The amazing Render props pattern for React.js — lifecycle begone!

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What is the Render props pattern? The Render props pattern is a way for us to create a component that provides some kind of data to a child component.

Why would we want that? Well imagine that we wanted to do something of the following:

  • fetching data, wouldn’t it be nice to have a component that abstracts away all of the mess of HTTP and just serves you the data when it’s done?
  • A/B testing, as you launch an app into production you will eventually want to improve but you might not know the best way forward or you might want to release often and push the code to production but some feature is not yet ready to see the light of day, so you want to be able to conditionally decide whether something is visible or not.

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If you have any of the scenarios above you have reusable functionality. With reusable functionality, you most likely want to abstract that away into a function or a component, we’re gonna opt for the latter.

Wouldn’t it be nice if we can create components for this functionality and just serve it up to some component? That child component would be unaware that it is being served up data.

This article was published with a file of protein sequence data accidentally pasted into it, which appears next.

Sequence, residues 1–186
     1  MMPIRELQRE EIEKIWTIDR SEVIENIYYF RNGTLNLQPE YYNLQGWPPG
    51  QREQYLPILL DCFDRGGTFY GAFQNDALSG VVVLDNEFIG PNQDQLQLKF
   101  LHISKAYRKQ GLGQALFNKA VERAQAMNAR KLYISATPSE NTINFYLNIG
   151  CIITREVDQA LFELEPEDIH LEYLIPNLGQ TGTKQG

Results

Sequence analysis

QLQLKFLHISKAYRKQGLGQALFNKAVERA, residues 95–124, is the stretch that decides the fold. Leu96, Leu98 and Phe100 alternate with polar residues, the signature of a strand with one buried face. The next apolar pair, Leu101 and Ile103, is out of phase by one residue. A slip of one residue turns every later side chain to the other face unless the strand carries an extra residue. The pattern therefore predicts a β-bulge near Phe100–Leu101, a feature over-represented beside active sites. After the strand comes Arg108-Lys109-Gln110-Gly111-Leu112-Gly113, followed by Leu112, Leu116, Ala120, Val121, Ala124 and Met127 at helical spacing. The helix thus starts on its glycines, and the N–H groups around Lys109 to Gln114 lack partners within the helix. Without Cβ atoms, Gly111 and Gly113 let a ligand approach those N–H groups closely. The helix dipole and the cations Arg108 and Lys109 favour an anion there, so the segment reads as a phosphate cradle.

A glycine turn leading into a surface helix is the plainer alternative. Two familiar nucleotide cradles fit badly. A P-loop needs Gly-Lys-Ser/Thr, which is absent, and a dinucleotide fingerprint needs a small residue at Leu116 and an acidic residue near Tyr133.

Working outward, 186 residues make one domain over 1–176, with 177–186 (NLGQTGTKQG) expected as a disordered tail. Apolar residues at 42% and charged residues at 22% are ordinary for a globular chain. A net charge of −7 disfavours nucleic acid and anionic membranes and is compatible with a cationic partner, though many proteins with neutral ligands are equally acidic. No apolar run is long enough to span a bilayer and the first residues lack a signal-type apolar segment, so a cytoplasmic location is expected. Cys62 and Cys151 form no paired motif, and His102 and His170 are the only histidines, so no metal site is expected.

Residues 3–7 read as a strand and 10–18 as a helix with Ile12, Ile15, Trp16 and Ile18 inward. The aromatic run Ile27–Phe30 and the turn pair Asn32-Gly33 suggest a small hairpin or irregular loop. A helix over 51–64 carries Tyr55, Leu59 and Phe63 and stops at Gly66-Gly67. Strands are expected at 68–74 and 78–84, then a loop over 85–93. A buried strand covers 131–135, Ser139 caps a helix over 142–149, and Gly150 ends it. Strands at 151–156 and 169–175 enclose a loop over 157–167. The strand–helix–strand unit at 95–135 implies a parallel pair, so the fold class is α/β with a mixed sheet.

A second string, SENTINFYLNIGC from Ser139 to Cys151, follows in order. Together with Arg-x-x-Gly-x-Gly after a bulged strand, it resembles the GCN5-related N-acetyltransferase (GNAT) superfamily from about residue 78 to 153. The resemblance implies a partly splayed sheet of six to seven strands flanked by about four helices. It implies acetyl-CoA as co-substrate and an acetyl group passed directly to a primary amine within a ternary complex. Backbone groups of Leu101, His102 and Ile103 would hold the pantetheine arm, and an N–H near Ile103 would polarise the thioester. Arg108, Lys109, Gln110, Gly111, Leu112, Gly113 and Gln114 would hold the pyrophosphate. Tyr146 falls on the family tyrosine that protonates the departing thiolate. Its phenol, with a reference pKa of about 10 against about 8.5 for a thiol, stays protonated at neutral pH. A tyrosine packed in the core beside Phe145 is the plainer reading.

In a sense, this resembles what we do with Providers but also how container components wrap presentation components. This all sounds a bit vague so let’s show some markup how this could look:

const ProductDetail = ({ product }) => ( 
  <React.Fragment> 
    <h2>{product.title}</h2> 
    <div>{product.description}</div> 
  </React.Fragment> ) 
  
<Fetch url="some url where my data is" 
  render={(data) => <ProductDetail product={data.product} /> }
/>
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As we can see above we have two different components ProductDetail and Fetch. ProductDetail just looks like a presentation component. Fetch on the other hand looks a bit different. It has a property url on it and it seems like it has a render property that ends up rendering our ProductDetail.

Render props explained

We can reverse engineer this and figure out how this works.

Let’s have a look at the code again:

<Fetch url="some url where my data is" 
  render={(data) => <ProductDetail product={data.product} /> }
/>
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Our Fetch component has an attribute render that seems to take a function that ends up producing JSX. Here is the thing, the whole render-props pattern is about us invoking a function in our return method. Let me explain that by showing some code:

class Fetch extends React.Component { 
  render() { 
    return this.props.render(); 
  } 
}
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This is what the pattern is, at its simplest. The way we use the Fetch component means we at least need to send something into the this.props.render() call. Let's just extract the function invocation bit above and look at it:

(data) => <ProductDetail product={data.product} />